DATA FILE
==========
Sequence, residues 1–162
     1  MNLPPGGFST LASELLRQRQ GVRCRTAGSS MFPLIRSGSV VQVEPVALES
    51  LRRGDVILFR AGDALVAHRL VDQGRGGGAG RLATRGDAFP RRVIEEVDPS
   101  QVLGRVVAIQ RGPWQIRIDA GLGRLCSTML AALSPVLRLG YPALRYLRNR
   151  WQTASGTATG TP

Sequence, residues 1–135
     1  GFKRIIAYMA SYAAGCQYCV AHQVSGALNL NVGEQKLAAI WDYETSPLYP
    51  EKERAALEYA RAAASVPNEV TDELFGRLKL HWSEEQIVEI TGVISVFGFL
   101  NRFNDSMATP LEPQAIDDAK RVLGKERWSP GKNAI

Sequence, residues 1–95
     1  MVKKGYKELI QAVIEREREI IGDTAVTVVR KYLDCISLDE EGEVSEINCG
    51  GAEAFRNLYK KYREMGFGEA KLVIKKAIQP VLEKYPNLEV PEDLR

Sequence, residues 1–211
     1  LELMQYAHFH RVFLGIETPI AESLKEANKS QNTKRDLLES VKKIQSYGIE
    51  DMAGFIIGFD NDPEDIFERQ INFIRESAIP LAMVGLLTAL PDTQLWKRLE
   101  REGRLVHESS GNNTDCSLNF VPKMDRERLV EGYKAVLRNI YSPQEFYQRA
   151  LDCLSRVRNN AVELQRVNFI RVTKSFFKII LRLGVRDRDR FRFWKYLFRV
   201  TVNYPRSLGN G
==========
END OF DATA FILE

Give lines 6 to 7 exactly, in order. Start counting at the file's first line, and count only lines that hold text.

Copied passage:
Sequence, residues 1–135
     1  GFKRIIAYMA SYAAGCQYCV AHQVSGALNL NVGEQKLAAI WDYETSPLYP